Shao, who declined to disclose his wealth, says he’s ahead as much as $82 million on a series of cargoes for October delivery that took advantage of restricted supply from South America before U.S. crops made it to market. Bloomberg News couldn’t independently verify the details of these trades.
Many transactions have gone wrong, including earlier this year when he paid about $8 million to customers after failing to deliver shipments on time because of congestion at Brazilian ports. Spreads between July and November contracts in Chicago started moving against him at the time, forcing Shao to renegotiate with suppliers to limit losses.
His brother Shao Zhongyi, the chairman of closely held Shandong Chenxi Group Co., was ranked by Forbes as the 357th richest person in China last year with wealth of 3.2 billion yuan ($520 million). Shandong Sunrise is part of the group, which has businesses ranging from petrochemicals to financial services, according to its website.
The brothers are part of a generation of entrepreneurs that is being forced to adjust some of its business strategies as the government addresses imbalances created by decades of surging growth.
Premier Li Keqiang and President Xi Jinping are seeking to reel in overcapacity in industries ranging from steel to cement and are cracking down on commodities trades that double as financing deals to remove excessive lending.
As much as 51 percent of China’s 120 million tons of annual soybean crushing capacity is idle because of too much expansion in the industry, Singapore-based Wilmar said in its annual report.
Pretax profit at the oilseeds and grains division of the company, which is the largest crusher in China, dropped 97 percent in 2012 amid overcapacity and “dumping of soybean products by speculative players,” according to the report.
Officials at Wilmar declined to respond to e-mailed questions about trading by Shao and the impact of his shipments on supply.
Shao said buying cargoes to use as collateral to get credit for other investments helped drive growth when he started importing soybeans seven years ago. It’s shrunk to be “just one aspect” of the business, he said, without being more specific.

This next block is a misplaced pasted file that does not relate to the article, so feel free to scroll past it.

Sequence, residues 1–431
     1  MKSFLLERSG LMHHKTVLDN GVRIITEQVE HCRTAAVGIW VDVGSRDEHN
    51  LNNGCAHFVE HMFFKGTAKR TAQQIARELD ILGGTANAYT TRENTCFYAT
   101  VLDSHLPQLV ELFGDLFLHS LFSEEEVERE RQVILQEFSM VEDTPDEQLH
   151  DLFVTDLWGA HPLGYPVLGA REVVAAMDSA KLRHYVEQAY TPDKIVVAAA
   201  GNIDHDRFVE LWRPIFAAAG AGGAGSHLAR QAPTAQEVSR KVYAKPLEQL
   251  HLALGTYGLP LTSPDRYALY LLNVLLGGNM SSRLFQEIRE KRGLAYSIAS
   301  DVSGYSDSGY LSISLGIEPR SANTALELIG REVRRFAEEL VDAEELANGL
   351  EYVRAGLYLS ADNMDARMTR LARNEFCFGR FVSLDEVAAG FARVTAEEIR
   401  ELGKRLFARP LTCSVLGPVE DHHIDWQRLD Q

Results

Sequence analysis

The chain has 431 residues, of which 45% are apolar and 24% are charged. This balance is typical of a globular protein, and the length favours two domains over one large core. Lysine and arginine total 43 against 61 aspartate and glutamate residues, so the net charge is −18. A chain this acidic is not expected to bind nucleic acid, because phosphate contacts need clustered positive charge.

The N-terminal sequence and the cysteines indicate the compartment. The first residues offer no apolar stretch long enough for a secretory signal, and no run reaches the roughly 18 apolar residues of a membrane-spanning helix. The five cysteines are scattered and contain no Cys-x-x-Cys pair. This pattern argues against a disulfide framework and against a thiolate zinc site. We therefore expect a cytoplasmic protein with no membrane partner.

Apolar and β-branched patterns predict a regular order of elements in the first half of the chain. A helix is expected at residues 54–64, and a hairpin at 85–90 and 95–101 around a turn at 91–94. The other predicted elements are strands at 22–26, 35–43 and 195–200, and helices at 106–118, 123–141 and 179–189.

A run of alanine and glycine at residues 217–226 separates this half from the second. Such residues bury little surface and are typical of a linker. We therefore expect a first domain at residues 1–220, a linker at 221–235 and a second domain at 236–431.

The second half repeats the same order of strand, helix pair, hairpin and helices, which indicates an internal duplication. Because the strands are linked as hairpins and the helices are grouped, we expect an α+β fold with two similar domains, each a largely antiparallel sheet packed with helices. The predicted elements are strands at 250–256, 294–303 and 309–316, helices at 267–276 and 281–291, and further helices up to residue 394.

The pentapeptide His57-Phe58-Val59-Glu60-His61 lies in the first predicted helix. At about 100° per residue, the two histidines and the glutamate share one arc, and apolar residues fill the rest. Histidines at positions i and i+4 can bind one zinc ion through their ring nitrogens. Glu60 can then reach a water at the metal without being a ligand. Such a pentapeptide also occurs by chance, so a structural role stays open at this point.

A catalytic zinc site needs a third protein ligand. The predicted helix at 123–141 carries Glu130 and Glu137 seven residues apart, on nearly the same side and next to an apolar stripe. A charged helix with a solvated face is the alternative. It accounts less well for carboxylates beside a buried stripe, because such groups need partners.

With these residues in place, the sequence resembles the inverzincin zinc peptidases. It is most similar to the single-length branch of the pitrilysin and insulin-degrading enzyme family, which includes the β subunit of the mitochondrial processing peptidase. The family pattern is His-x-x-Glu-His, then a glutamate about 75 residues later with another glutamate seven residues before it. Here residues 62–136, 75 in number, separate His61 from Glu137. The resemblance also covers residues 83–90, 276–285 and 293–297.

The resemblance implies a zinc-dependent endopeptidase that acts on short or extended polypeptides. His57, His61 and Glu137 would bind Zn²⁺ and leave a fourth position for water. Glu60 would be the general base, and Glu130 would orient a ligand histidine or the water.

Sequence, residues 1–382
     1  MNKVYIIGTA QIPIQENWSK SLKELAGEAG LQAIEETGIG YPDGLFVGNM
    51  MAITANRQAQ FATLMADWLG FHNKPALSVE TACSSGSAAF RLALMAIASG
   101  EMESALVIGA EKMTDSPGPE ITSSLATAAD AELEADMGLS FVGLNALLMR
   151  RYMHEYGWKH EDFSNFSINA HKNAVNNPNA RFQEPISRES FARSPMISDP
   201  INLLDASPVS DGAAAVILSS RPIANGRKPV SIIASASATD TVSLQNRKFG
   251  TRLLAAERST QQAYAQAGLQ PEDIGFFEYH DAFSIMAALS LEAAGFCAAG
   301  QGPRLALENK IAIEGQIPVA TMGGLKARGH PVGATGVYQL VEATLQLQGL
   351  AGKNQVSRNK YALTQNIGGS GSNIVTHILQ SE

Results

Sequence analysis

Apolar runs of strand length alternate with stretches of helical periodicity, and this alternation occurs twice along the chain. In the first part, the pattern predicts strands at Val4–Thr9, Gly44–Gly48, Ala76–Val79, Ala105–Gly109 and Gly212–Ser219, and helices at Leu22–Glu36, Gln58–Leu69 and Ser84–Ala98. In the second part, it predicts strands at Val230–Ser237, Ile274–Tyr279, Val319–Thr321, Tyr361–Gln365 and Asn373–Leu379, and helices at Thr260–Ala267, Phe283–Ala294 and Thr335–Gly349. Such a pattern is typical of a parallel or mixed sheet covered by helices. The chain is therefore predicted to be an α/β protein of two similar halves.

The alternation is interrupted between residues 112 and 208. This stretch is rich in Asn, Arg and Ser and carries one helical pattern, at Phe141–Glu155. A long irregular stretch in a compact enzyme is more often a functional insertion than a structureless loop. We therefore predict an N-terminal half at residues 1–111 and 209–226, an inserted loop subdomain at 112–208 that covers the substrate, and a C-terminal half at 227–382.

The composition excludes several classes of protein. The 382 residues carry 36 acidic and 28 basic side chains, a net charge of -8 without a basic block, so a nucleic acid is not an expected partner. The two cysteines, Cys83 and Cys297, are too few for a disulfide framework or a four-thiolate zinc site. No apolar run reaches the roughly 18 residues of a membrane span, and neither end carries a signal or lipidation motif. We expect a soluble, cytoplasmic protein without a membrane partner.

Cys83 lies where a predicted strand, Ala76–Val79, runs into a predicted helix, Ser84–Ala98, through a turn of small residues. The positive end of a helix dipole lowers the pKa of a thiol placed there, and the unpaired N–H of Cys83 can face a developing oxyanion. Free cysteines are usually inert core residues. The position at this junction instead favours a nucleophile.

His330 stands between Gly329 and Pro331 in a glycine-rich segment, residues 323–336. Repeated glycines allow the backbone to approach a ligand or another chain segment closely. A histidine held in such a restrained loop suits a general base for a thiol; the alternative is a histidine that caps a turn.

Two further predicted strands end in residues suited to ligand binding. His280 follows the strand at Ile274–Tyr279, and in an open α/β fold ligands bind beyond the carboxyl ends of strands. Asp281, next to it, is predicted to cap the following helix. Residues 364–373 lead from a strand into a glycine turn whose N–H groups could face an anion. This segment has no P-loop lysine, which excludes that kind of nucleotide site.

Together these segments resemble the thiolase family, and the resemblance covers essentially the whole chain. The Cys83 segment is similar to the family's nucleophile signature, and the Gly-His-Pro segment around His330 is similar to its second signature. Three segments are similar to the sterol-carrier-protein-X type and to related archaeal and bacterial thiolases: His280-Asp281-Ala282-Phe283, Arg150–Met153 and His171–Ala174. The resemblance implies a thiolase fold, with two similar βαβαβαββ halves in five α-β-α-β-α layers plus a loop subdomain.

China’s benchmark seven-day repurchase rate, which measures interbank funding availability, reached a record 12.45 percent on June 20 as the government sought to squeeze excess liquidity out of the financial system. It was at 4.51 percent today after the People’s Bank of China injected some money back into the economy.
The USDA, which projects Chinese imports to reach a record 69 million tons in 2014, forecasts that 67.7 million tons of soybeans will be crushed.
Processing soybeans into meal and oil was unprofitable for six of the past 12 months in China, according to data from Shanghai JC. Margins averaged a negative 169 yuan and swung between losses of 783 yuan and gains of 404 yuan, the data show.
Mixing commodities trading with financing transactions makes it difficult to predict the volume and timing of Shao’s imports by looking at supply and demand, and means he can sometimes profit when the crushing industry doesn’t, said Li at Shanghai JC.
“Opportunities come up a couple of times a year and I seize them.” said Shao. “I’ve done it so long now that I do it by instinct.”